Can a company function without bosses?
As you’ve no doubt heard, online shoe retailer Zappos — or at least Zappos’ CEO Tony Hsieh — thinks so. The company’s been dabbling in a structure called Holacracy (more on that in a second) that encourages personal creativity. But to this point, it’s still had a traditional management setup.
As of April 30, that all changes. Hsieh recently sent out a memo decreeing that as of April 30, there will be no more managers at Zappos. And everybody who disagrees with the move can quit and get a fairly nice severance package.
Here’s a definition of Holacracy, straight off the website:
Holacracy is a distributed authority system – a set of rules that bake empowerment into the core of the organization. Unlike conventional top-down or progressive bottom-up approaches, it integrates the benefits of both without relying on parental heroic leaders. Everyone becomes a leader of their roles and a follower of others’, processing tensions with real authority and real responsibility, through dynamic governance and transparent operations.
Sounds good to us.
But Hsieh is unhappy with the melding of this New Age approach and the old-fogey management structure. In his memo to employees, Hsieh said, “Having one foot in one world while having the other foot in the other world has slowed down our transformation towards self-management and self-organization.”
So as of April 30, the old management structure will be no more.
A shift in hue
Another bit of explanation is needed here. Richard Feloni, writing on Business Insider, explains Zappos’ current system:
In the new Zappos lexicon, the company has been a “Green” organization, one that encourages employee freedom but functions with a traditional hierarchy. Hsieh wants to transition it to a “Teal” organization that doesn’t need managers to grow and fix internal problems.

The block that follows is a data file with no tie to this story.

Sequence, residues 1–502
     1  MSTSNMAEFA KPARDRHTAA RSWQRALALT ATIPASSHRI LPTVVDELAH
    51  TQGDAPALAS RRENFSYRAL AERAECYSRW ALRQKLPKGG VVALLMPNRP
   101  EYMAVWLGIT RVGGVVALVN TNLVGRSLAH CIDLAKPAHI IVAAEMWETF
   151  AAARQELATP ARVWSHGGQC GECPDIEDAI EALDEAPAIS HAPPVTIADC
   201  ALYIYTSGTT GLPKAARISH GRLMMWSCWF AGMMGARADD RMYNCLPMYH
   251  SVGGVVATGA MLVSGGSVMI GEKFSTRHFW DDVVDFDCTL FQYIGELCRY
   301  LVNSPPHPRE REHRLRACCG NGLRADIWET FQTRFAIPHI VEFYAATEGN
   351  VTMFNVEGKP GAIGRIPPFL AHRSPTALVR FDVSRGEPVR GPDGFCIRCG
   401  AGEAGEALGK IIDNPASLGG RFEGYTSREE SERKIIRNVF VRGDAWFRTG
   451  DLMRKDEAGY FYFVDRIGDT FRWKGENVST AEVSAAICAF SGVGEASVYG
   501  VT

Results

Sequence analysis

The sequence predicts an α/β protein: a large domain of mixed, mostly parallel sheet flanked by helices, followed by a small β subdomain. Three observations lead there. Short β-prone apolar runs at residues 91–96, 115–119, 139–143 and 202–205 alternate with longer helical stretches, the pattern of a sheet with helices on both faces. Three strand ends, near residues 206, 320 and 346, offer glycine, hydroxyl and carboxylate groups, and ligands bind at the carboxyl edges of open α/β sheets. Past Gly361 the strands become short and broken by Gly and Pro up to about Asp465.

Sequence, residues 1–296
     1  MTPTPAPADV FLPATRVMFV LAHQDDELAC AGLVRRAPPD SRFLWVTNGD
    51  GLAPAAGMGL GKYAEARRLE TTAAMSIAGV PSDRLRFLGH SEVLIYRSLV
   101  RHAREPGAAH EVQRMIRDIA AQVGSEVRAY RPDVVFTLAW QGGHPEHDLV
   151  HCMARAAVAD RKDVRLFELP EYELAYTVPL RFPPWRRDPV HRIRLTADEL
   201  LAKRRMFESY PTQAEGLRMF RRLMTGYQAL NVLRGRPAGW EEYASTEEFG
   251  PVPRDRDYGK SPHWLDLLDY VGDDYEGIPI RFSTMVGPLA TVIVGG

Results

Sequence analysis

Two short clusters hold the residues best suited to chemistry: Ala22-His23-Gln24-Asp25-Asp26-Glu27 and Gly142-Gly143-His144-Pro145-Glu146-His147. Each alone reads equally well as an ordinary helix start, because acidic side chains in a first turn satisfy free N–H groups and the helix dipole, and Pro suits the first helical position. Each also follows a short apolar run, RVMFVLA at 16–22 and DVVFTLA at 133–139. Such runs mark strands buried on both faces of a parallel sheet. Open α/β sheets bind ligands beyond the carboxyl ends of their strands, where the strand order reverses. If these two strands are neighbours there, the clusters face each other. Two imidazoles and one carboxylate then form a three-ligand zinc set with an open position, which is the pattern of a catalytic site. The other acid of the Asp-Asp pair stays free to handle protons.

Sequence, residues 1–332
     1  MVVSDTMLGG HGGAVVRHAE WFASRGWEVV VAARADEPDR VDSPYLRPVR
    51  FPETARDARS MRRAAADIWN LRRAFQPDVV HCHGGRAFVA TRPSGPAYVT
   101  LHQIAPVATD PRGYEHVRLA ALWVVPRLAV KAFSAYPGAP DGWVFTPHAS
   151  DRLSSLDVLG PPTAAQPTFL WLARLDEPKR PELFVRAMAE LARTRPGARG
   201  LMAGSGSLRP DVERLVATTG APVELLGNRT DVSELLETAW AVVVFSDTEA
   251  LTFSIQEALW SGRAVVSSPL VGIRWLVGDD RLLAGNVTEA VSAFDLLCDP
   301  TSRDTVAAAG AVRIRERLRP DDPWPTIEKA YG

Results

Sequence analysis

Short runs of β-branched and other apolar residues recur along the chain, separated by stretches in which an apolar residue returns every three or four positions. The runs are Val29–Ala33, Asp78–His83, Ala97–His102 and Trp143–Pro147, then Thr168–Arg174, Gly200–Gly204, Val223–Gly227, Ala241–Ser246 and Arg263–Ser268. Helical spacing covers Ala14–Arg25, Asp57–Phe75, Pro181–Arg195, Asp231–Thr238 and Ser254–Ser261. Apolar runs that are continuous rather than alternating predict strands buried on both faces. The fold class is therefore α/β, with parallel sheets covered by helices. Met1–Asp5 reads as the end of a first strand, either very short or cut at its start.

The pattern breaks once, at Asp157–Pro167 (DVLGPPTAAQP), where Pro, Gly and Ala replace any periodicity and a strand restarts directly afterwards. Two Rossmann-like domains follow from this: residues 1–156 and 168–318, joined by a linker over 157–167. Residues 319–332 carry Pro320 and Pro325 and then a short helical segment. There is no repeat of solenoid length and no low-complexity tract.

How’s that going to work? In his memo, Hsieh says:
After many conversations and a lot of feedback about where we are today versus our desired state of self-organization, self-management, increased autonomy, and increased efficiency, we are going to take a “rip the bandaid” approach to accelerate progress towards becoming a Teal organization. …
Our main objective is not just to do Holacracy well, but to make Zappos a fully self-organized, self-managed organization by combining a variety of different tools and processes.
Not a fit for everybody
Hsieh acknowledged that the new regime wouldn’t be a great fit for everybody, so he’s offering nonbelievers a severance package. On a company-wide scale, each employee will be offered at least 3 months severance (and up to 3 months of COBRA reimbursement for benefits) if he/she feels that self-management, self-organization, and (other company programs) are not the right fit. (For employees that have been with Zappos for 4 or more years, the offer will be 1 month for every year worked at Zappos, along with up to 3 months of COBRA reimbursement for benefits.)
There are some conditions, however. Each departing employee (who want the package) must:
- Be an employee in good standing
- Watch video of talk by the author of Reinventing Organizations
- Read “Reinventing Organizations“
- Give notice of their intention to leave anytime during the month of April 2015, and
- Ensure a smooth transition of their prior responsibilities and accountabilities.
Once all the non-believers are gone, will this Teal plan work? It’s a big gamble — one Hsieh acknowledges:
“This is a new, exciting, and bold move for Zappos. Like all the bold steps we’ve done in the past, it feels a little scary, but it also feels like exactly the type of thing that only a company such as Zappos would dare to attempt at this scale,” he wrote. “… I can’t wait to see how we reinvent ourselves, and I can’t wait to see what unfolds next.”